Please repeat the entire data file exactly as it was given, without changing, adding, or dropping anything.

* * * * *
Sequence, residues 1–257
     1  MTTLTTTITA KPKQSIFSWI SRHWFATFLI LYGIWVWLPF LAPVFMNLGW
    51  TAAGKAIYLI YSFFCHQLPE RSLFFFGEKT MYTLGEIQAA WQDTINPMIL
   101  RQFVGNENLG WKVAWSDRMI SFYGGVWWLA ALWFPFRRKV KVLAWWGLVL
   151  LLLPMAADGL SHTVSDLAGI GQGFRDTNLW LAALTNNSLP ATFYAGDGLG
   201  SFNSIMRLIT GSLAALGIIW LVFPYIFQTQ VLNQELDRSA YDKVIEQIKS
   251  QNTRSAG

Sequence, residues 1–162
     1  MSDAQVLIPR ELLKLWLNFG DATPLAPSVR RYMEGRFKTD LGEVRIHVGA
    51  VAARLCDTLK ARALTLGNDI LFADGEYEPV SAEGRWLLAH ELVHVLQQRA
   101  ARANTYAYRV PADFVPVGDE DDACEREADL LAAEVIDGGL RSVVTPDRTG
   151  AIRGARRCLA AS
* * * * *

Sequence, residues 1–257
     1  MTTLTTTITA KPKQSIFSWI SRHWFATFLI LYGIWVWLPF LAPVFMNLGW
    51  TAAGKAIYLI YSFFCHQLPE RSLFFFGEKT MYTLGEIQAA WQDTINPMIL
   101  RQFVGNENLG WKVAWSDRMI SFYGGVWWLA ALWFPFRRKV KVLAWWGLVL
   151  LLLPMAADGL SHTVSDLAGI GQGFRDTNLW LAALTNNSLP ATFYAGDGLG
   201  SFNSIMRLIT GSLAALGIIW LVFPYIFQTQ VLNQELDRSA YDKVIEQIKS
   251  QNTRSAG

Sequence, residues 1–162
     1  MSDAQVLIPR ELLKLWLNFG DATPLAPSVR RYMEGRFKTD LGEVRIHVGA
    51  VAARLCDTLK ARALTLGNDI LFADGEYEPV SAEGRWLLAH ELVHVLQQRA
   101  ARANTYAYRV PADFVPVGDE DDACEREADL LAAEVIDGGL RSVVTPDRTG
   151  AIRGARRCLA AS